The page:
Authoritative parents lie in the middle of these two extremes. They provide their children with clear expectations and rules for behavior without becoming taskmasters.
A major difference between authoritarian and authoritative parents is that the latter respects the individual freedom and autonomy of their children. Authoritative parents make it a priority to provide reasons for the guidelines and rules that they put in place in order for their children to understand why the rules exist. This enables their children to obey with their hearts, minds, and actions.
A few years after Baumrind proposed this theory, E.E. Maccoby and J. A. Martin identified a fourth parenting style: neglectful. Neglectful parents, as one can guess, put their own needs and wants first, often disregarding those of their children.
A divine parenting style
As a number of biblical passages bear out, God, our heavenly parent, offers a fairly clear example of authoritative parenting. The first chapter of Isaiah, for instance, records the Lord’s words to Israel about the consequences of the nation’s choices. After laying out God’s expectations, God says, “If you are willing and obedient, you will eat the best from the land; but if you resist and rebel, you will be devoured by the sword.”
The gift of the Bible itself also attests to God’s authoritative parenting style. Through it, not only can we learn what we must do to be obedient, but for thousands of years, we have sought to uncover the intentions behind God’s commands.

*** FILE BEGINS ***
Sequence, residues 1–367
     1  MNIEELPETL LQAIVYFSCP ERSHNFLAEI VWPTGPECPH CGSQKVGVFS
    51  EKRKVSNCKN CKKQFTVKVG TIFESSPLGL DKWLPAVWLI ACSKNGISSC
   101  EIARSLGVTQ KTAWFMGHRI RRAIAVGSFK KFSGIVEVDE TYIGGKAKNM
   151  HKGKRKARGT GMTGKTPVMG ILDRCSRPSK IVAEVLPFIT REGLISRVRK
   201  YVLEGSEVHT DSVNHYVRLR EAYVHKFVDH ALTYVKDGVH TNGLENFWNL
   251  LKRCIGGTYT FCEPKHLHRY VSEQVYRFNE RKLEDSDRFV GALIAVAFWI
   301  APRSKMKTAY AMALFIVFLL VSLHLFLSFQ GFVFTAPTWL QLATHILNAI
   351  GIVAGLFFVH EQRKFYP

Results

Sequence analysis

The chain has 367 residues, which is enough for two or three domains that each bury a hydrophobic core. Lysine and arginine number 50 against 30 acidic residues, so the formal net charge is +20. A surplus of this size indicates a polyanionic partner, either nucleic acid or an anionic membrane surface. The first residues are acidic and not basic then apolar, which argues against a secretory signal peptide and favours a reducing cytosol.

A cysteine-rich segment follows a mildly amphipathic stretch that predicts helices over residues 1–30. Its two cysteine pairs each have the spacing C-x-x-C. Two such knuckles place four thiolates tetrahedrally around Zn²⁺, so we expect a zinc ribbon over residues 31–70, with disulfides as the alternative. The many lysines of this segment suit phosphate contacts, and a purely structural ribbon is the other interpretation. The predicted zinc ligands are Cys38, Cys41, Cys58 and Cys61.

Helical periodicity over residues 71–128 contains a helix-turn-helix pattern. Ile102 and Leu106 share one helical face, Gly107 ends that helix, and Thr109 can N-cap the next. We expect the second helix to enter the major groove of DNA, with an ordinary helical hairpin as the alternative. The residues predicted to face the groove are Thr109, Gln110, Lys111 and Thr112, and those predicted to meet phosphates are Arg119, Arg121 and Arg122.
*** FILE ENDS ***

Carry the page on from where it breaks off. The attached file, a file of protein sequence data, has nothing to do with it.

On the other hand, some of the Bible’s passages might seem to paint God as a domineering and authoritarian parent. In Genesis 22, for example, the Lord gives Abraham a command to sacrifice his son, and Abraham attempts to fulfill it without asking for or receiving an explanation from God.
At first, this might seem to indicate that God holds an unyielding relationship with humanity. However, recent scholars have suggested that questioning God’s intentions and instruction actually plays an integral role in this passage.
In The Child in the Bible, author Terence Fretheim points out that just a few pages back, in Chapter 18, the Bible depicts Abraham inquiring after the Lord’s intentions to destroy Sodom and Gomorrah. This earlier account, Fretheim argues, demonstrates that God invites—and even seriously considers—our questions. We learn that it’s not wrong for us to wonder about and even directly question God’s command for Abraham to sacrifice his son.
From this perspective, the story of Abraham and Isaac becomes a testament to God as a loving, authoritative parent, with clear expectations and respect for human autonomy and freedom.
God trusts that we will ask questions when we are unsure about the instructions, commands, and guidance that God offers to us. After all, without comprehension, we can obey only with the body but not the mind, the external without the internal, and our obedience would be incomplete.
Authority as love
The Hebrew verb for “to obey” (šāma‘) is the same verb for “to listen.” In order to follow God, we must first be listening for and open to God’s voice. Then, as God offers us instructions and expectations, we’re encouraged to ask questions so that we can obey fully, with our bodies, hearts, and minds.
God’s authoritative approach to “parenting” serves as a model for anyone in a relationship of authority—employers and employees, teachers and students, pastors and congregants, parents and children. Following God’s example, those in leadership should provide guidance, invite questions, and respect the personalities and autonomy of others.
When we model authoritative leadership or practice wholehearted obedience, we reflect God, for at the core of both leadership and obedience is love.